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For Sufferers of Chronic, Recurrent, or Unexplained Pain

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For Sufferers of Chronic, Recurrent, or Unexplained Pain

Old 08-23-13, 02:24 PM
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For Sufferers of Chronic, Recurrent, or Unexplained Pain

What follows is an important account of how I've beat my chronic runner's knee - once and for all.

As some of you may recall, I'd been battling seemingly unexplained runner's knee/tendonopathy for about a year and a half, which kept me from running, rock climbing, jumping, hiking, and minimized cycling, golf, skiing and pretty much everything else that I enjoy. The pain would predictably surface with increased physical activity and became problematic in both knees. When I'd reduce activity, the pain would subside after some time (days to several weeks). I became quite angry and depressed due to my injuries and the fact that I lost all of my stress-reducing activities.

After about a year of this, I had X-rays and and MRI, both of which were negative for any structural damage whatsoever. My pain was then attributed to anterior pelvic tilt, a biomechanical issue that was causing pain in my knees due to "poor tracking". I accepted this diagnosis, began treating it through exercise, and had some improvement, but still frequent recurrences of pain of varying intensity.

Three weeks ago, after taking about 10 days off running due to pain, I was introduced to something called Tension Myositis Syndrome (TMS). I will not go into the details here, as there's not enough time or room in a single post for me to do so.

The cliff-notes version is something like this: Many chronic pain conditions are not due to any physical reason at all, but rather to stress-induced tension that manifests itself as pain in soft tissue. Sometimes the pain may have originally been attributed to a "real" injury, but not always. The pain becomes a conditioned response to activity that has produced pain before, and will resurface largely due to the fact that we expect it too. An "alternative" diagnosis to be sure. This hypothesis was originally presented by Dr. John Sarno, the author of Healing Back Pain, The Mind-Body Connection. Turns out I had this book sitting unread on my bookshelf for the last 10 years.

As I began reading about the condition, I was originally skeptical that there could be a psychological basis for all of this pain I'd put up with for so long, but the more I read, the more I recognized myself in Dr. Sarno's description of his patients. Dr. Sarno asserts that the pain response is a "trick" that the human mind has evolved, that distracts you from other troubling things in your emotional life (work stress, family stress, financial, and on and on). Whoa - kinda weird, but okay...4 "traditional" doctors had failed to provide a better explanation, so I said "F___ it. This seems legit, so I have to truly give this diagnosis a chance, I mean really believe that the pain that kept me from doing everything I loved to do was all psychologically based." It was easy for me to do, as I had proof that there was nothing structurally wrong with me (this is important).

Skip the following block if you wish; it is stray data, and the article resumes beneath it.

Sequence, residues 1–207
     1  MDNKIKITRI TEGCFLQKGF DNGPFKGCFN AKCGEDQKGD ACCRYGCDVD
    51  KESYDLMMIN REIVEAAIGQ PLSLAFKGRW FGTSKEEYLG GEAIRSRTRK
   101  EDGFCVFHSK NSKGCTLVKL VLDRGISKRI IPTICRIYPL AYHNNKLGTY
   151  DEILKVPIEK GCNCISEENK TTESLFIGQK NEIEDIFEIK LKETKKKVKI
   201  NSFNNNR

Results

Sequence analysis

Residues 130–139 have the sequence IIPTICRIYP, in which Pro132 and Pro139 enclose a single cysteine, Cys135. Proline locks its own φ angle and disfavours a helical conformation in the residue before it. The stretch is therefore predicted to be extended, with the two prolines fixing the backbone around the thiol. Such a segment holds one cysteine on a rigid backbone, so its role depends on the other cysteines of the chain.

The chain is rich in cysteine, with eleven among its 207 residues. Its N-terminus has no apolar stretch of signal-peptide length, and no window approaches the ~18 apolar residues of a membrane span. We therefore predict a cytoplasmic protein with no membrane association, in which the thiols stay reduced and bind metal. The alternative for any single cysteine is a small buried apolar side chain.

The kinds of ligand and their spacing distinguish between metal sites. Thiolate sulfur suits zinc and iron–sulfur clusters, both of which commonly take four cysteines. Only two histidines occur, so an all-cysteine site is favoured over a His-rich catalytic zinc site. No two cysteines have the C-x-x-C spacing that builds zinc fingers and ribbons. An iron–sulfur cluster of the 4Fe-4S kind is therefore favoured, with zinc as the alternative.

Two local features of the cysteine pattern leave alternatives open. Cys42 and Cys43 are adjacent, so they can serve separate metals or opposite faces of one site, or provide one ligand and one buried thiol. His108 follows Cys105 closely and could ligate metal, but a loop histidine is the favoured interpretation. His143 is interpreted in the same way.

Now, 3 weeks later, I'm mostly pain-free simply by changing my attitude towards the pain, and truly accepting the fact that my body is way stronger than I'd ever given credit. I'm running, sprinting, climbing, backpacking, cycling, jumping, etc, etc, etc - all without pain. When I do have a little pain, I can literally stop it mid-run within seconds by telling myself "you're fine" this is a mind game.

Only 3 weeks ago, the acute pain was very real and disabling, now it's gone. GONE. My first day after accepting TMS as the cause of my pain, I began walking with no pain, the second day I ran with limited pain, the third day I rode my bike and climbed with very little pain. This week, I've gone on 3 pain-free runs, and have had 4 of the best climbing sessions I've ever had. No more pain. I know there will be relapses if I let doubt or tension sink in, but I know 100% for a fact that I will "wish" the pain away by telling my brain that it's cover is blown, and that this is not a trick that it can use any more. I began thinking PSYCHOLOGICALLY, NOT PHYSICALLY. Yes, I've only been pain-free for three weeks, but I've not had more than 3 consecutive pain-free DAYS in almost 2 years.

This is getting long-winded so I will wrap it up here: I know that there are many here, and many millions worldwide that suffer with seemingly unexplained, but very real chronic pain. I know that most of these people will never accept such a strange-sounding diagnosis, but I have to share my experience hoping that I can at least help a few address the true cause of their chronic pain by suggesting you at least give this a chance and truly believe that your pain is nothing but a learned response. First, it is important to see a doctor to rule out any major injury. If you're diagnosed with patelofemoral pain syndrome, tendonopathy, or any other pain syndrome or symptom without a dangerous structural basis, there's a very good chance you can beat this MENTALLY. Call this crazy but only after you've given it a chance.

Healing Back Pain by Dr. Sarno.

Last edited by humboldt'sroads; 08-23-13 at 02:27 PM.
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Old 08-23-13, 02:57 PM
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When climbing hard on the bike, I can always at least make the muscle pain subside by simply smiling. I understand that smiling releases a pain suppressing hormone, but still . . . I don't doubt the mind-body connection.
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